19 V. A SAMPLE CRISIS MANAGEMENT PLAN A school that is prepared before a crisis occurs will be much more likely to deal with students and staff effectively. In setting up a crisis management plan, the following activities should be considered: 1. Decide who will be in charge during a crisis. A crucial first step in crisis management planning is to decide who will be in charge during a crisis. Assign one person to provide leadership during crisis situations, to organize activities, and to disseminate information. Usually the person in charge is the principal or assistant principal. Designate a substitute in the event that the designated person is unavailable at the time of the crisis. It is extremely important that all staff and students know who these people are. It is essential for staff to display their picture ID badges at all times and for others in the building to wear ID badges. 2. Establish the Crisis Response Team. A second important step is to recruit members for the Crisis Response Team. Typically, the Crisis Response Team will consist of an administrator, nurse, psychologist, school social worker, teachers, counselors, and others with skills appropriate to the tasks to be performed, including school resource officers, when available. Sometimes forgotten, but important in crises are the school secretary/office manager, the head custodian, and bus drivers. Most, if not all, of the team members must be present full time at the school (or able to respond immediately to a phone call). 3. Develop clear and consistent policies and procedures. It is absolutely critical to develop procedures that provide all staff with clear guidelines for tasks and responsibilities during crises. This also ensures that all staff will respond consistently in each situation. It is important to include procedures by which children will be released to their caregivers. 4. Provide training for the Crisis Response Team. Training, such as from FEMA, is essential. Also, local staff such as school psychologists, school resource officers, school nurses, etc. can provide training. 5. Establish a media liaison and identify suitable facilities where reporters can work and news conferences can be held. Many school districts have a community or public relations spokesperson who receives all media requests. Communicate with him/her to establish procedures for responding to the media in times of crisis. 6. Establish a working relationship with community mental health, department of public health, public safety, and other resource groups. To facilitate quick and collaborative responses, strong relationships with community agencies must be established prior to a crisis. 7. Set up a communications network. Critical information needs to be communicated as quickly as possible to those in need. The network should utilize multiple methods from simple telephone trees to cell phones, and walkie-talkies, depending on available technology. 8. Develop a plan for physical space management. In a large-scale crisis, the school's main office and guidance areas may not be able to accommodate the influx of parents and media likely to occur. Crisis management Dr. John D. Barge State School Superintendent Georgia Department of Education Page 19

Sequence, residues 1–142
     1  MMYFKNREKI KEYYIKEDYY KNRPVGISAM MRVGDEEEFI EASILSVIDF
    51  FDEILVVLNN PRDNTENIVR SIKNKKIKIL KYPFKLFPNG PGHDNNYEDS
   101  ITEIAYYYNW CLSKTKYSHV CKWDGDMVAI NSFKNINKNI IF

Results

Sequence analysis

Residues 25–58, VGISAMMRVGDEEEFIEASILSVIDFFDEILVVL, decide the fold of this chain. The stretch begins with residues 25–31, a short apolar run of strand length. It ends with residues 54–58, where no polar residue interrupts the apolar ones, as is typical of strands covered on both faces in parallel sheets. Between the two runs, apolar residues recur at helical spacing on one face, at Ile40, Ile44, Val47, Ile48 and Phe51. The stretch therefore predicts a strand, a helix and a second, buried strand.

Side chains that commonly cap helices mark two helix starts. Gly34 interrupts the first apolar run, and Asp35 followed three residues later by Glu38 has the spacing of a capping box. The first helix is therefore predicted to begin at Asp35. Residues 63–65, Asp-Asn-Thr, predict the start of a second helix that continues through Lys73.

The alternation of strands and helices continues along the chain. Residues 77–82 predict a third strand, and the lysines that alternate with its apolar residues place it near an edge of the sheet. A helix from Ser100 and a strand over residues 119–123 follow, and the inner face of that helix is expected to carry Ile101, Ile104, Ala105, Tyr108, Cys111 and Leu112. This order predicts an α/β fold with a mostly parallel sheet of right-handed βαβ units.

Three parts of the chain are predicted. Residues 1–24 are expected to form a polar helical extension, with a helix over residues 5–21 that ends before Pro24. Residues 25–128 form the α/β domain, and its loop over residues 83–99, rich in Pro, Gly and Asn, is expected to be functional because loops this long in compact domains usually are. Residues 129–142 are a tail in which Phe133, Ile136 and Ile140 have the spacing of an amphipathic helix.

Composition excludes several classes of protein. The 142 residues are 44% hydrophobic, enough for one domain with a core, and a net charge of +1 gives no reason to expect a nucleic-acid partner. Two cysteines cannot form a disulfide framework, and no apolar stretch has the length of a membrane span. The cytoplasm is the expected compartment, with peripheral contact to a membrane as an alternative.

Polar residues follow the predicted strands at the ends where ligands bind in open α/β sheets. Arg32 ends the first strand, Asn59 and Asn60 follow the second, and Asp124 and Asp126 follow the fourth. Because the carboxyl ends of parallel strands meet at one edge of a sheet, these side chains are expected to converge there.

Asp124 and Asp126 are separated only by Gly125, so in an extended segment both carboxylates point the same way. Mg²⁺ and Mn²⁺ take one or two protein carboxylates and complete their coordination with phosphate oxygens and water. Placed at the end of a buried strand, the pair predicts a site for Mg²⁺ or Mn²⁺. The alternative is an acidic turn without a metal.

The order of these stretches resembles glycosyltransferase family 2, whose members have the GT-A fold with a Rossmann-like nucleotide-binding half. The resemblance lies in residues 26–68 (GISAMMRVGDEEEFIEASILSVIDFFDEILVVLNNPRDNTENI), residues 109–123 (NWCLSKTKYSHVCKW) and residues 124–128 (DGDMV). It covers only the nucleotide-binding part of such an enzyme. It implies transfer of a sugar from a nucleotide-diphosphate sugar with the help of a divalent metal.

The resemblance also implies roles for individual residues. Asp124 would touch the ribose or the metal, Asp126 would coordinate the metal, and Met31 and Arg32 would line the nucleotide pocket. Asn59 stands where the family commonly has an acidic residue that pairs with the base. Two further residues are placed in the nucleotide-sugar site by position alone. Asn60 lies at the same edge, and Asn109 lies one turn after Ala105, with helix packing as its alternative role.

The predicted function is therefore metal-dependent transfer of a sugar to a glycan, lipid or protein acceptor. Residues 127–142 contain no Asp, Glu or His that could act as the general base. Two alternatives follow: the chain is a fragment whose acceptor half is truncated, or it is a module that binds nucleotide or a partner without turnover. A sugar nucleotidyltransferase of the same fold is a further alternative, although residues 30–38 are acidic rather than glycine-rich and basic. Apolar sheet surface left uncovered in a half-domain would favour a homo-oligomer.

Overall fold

20 planning should anticipate the potential space needs and designate space for media, public safety operations, public health, parents, and student accounting. The physical plant will dictate choices; however, it is wise to take into account access to telephones, water, restrooms, food and drink. Staff members who are to direct people and supervise these areas need to be identified in advance. 9. Develop necessary forms and information sheets. Develop record-keeping forms to assist in the management of crisis situations. Some materials may need to be translated for families into languages appropriate for your school community. 10. Develop a plan for emergency coverage of classes. Teachers who will play significant roles in a crisis response need to be assured that their classrooms will be covered. Consider central office and the PTA as possible sources of assistance in coverage. 11. Establish a system of codes to alert staff. Establish a system of codes to alert staff as to the nature of a crisis without unduly alarming the rest of the school. 12. Develop a collection of readings. It is helpful for media services to develop a bibliography of books pertinent to crisis situations for students, staff, and parents. Such resources are valuable in assisting the school community to achieve a positive resolution. 13. Have school attorney review crisis response procedures and forms. Adjust procedures to comply with any liability concerns. Remember to include procedures for documenting crisis activities. 14. Conduct practice crisis alert sessions with staff and students. Prepare staff members for their responsibilities in a real crisis. Practice evacuations and lockdowns so that students will know what to expect. Through table-top simulations and other practice sessions, staff can become more proficient in responding to a variety of crises. Avoid sensationalized simulations, particularly any activities involving students. 15. Conduct training in the school crisis response procedures at least annually and make it part of any new employee orientation. Training in school crisis response procedures is needed at least annually. Include crisis response procedures in new employee orientations. Additional in-service training sessions on crisis-related topics are necessary. Samples of Assessing Needs and Assigning Tasks School crisis response teams must identify needs and match them with available resources. As a starting point, it is important to -- Identify Needs: Areas of responsibility / tasks requiring attention in a crisis/emergency Physical space needs Communication needs Identify Resources: Staff skills, particularly in responding to emergencies Physical space availability (including potential off-campus sites such as other schools, community centers, churches, etc.) Communications capabilities in the school Dr. John D. Barge State School Superintendent Georgia Department of Education Page 20